How Many Barriers to Care Can One Asylum-Seeking Patient Encounter?
How many barriers to care can one asylum-seeking patient encounter? In this case, too many. Five-year-old Anita* crossed the US-Mexico border with her mother and father. She has spina bifida, as well as bilateral hip dysplasia and a neurogenic bladder that leads to frequent urinary tract infections. Even under more stable conditions, in which she was not moving, finding care would be challenging and expensive.
Her first obstacle was in detention. Her equipment to self-catheterize was confiscated by Border Patrol officials after she and her parents asked for asylum. Anita’s parents ensured she self-catheterized every four hours back home in Guatemala; now, in the detention facility, she couldn’t do it at all. When they were released, pending their immigration hearing, their supplies were not returned. After release, Anita was seen by a clinician at an immigration shelter in Texas, who enrolled her to Health Network for her complicated and urgent care.
Health Network is Migrant Clinicians Network’s virtual case management program for migrants with ongoing health needs. Health Network’s Luis Retta, who worked for patients co-enrolled in Specialty Care Access Network (SCAN), took Anita’s case. SCAN is an arm of Health Network that connects children with specialty care needs with volunteer specialty care clinicians across the country, in addition to the primary care connection that Health Network already provides.
As Anita traveled with her parents from the immigration shelter to her next destination in the US South, Luis began to contact clinicians who could help her in her new region. He first contacted the SCAN Champion – a volunteer clinician in the region to where she was moving who could help connect her with the specialty care she needs. Under the SCAN champion’s suggestion, he also found local clinics so that Anita could establish primary care at a local health center. He called the health center to get Anita a primary care appointment.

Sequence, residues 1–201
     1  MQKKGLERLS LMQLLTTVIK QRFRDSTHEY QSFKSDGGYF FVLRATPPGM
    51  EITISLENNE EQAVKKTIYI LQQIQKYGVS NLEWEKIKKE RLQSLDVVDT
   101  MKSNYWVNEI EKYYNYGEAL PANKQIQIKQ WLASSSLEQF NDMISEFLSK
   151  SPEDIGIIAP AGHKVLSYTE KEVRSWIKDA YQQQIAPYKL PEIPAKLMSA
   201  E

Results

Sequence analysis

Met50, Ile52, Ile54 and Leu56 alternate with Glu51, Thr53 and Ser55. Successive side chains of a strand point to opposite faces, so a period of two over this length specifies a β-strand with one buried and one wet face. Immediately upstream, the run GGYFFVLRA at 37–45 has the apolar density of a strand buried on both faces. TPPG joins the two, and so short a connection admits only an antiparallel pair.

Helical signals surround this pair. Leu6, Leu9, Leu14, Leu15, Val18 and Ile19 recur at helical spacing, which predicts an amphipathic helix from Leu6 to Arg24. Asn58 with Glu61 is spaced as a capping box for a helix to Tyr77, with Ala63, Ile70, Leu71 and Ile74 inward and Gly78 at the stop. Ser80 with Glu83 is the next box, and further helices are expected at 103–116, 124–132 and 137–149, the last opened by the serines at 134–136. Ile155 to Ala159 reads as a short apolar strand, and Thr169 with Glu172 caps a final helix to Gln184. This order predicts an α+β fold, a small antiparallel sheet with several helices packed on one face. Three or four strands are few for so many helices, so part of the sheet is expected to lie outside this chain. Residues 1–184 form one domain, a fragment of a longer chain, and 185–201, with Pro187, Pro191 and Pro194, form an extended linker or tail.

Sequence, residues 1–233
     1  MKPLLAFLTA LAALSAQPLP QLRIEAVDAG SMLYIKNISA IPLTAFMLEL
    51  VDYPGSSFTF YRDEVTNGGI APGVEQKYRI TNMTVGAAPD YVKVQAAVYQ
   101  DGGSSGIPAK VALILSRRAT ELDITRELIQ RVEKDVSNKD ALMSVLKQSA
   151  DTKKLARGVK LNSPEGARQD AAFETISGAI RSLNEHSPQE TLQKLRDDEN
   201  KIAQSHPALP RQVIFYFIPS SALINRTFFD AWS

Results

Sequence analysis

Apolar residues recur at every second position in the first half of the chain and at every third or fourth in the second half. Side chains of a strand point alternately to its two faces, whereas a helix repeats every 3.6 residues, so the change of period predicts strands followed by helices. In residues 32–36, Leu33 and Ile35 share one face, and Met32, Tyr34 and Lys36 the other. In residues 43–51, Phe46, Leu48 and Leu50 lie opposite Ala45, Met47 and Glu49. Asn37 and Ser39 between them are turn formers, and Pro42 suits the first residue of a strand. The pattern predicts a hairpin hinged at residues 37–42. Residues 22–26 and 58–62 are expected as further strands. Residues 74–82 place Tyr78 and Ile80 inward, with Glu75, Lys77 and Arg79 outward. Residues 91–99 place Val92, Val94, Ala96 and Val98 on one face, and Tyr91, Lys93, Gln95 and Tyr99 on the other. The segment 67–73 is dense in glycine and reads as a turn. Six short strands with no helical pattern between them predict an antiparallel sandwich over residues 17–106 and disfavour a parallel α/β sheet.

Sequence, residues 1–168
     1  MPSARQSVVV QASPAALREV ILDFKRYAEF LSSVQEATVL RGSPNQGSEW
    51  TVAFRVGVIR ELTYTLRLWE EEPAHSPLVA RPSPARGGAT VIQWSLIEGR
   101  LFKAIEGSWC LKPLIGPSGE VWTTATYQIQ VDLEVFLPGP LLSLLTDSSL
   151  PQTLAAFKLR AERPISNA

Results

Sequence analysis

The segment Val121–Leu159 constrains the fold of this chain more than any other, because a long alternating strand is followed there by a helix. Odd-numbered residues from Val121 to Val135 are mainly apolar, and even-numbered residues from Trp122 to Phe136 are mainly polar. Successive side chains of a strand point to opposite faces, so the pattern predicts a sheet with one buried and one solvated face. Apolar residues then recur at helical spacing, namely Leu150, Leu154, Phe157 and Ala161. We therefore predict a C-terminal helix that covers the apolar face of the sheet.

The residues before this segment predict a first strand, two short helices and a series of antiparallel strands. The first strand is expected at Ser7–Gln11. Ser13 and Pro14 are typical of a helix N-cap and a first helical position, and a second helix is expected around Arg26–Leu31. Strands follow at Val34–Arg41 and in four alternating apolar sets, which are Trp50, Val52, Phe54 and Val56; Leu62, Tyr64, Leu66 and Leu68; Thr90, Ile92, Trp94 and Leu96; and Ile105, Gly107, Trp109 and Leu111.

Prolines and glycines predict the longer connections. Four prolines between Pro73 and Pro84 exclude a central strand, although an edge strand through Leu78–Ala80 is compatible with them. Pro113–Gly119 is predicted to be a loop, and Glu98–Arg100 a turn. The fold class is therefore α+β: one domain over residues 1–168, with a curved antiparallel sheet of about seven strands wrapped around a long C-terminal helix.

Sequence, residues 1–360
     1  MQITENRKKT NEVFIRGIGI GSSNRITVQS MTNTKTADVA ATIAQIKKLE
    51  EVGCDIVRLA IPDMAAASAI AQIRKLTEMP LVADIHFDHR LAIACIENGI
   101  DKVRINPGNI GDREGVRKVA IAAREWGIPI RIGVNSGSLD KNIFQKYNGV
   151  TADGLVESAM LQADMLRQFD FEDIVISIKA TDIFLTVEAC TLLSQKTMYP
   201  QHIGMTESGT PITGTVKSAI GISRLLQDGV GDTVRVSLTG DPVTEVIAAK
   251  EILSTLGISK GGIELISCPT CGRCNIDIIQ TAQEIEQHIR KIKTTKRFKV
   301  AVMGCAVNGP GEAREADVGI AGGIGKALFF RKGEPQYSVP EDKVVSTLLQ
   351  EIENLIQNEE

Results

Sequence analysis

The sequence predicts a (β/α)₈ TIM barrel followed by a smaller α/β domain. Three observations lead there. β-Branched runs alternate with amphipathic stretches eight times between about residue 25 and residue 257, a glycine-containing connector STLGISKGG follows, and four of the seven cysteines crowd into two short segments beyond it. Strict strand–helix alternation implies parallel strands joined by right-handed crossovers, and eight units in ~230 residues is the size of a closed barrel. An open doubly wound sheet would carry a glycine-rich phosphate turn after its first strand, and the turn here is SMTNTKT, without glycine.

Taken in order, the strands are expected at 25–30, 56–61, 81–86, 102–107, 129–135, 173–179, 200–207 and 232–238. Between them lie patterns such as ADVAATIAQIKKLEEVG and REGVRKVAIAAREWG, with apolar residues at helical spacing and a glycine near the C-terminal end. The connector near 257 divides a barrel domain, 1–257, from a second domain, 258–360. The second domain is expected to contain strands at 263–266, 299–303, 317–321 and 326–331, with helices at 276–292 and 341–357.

Anita’s second obstacle was that the health center near her new home required the family to call and schedule an appointment – they wouldn’t permit Luis to schedule on her behalf. Luckily, Luis was able to get the information to Anita’s family once they arrived, and Anita’s aunt called the clinic and scheduled an appointment.
Unfortunately, the health center turned Anita away, because she did not have health insurance, a common barrier for new arrivals. She was ineligible for the health center’s sliding scale fee because her family could not prove residency. As new arrivals, they did not have a government-issued ID, proof of income, or proof of residency like bills mailed to their new house. These significant barriers result in many of Health Network’s patients being turned away from vital care.
In the meantime, without regular catheterization, Anita had developed a bladder infection. Her family brought her to a local children’s hospital, and this is when Anita’s luck changed. The hospital paired her family with a case worker, who helped her connect with care within the hospital system. As a larger establishment, the hospital was more equipped to serve a patient like Anita.
In the following weeks, thanks to Anita’s team working on her behalf -- Luis, the hospital case worker, and the SCAN champion -- Anita got new catheterization supplies, was referred to a primary care provider at a clinic that would accept her and was connected to a spina bifida specialist. She was also referred to an eye appointment at a local clinic. Over the course of six months, Health Network case managers talked with Anita’s family eight times and contacted numerous clinics on their behalf. Once Anita was settled in her new home, and her care plan had been established, the Health Network team documented her referrals and medical records and set the case to close.
Anita found care – but many other asylum-seeking children do not. Health Network helped to remove some of the barriers they faced, and the children’s hospital stepped in to remove many more, but many families are not so lucky. The safety net’s holes are large and unforgiving for asylum-seeking families. When asylum-seeking families are released from detention, they are not provided with case management; Health Network cannot provide for all families, as it presently only works with a handful of immigration shelters and has limited funding. Many families are left on their own to navigate a foreign health system. Language, culture, transportation, and financial inability run up against a lack of documentation of residency or proof of identity. For many families, these barriers prevent them from seeking care, until the health need becomes an emergency.
*Name and some details have been altered to protect the patient’s identity.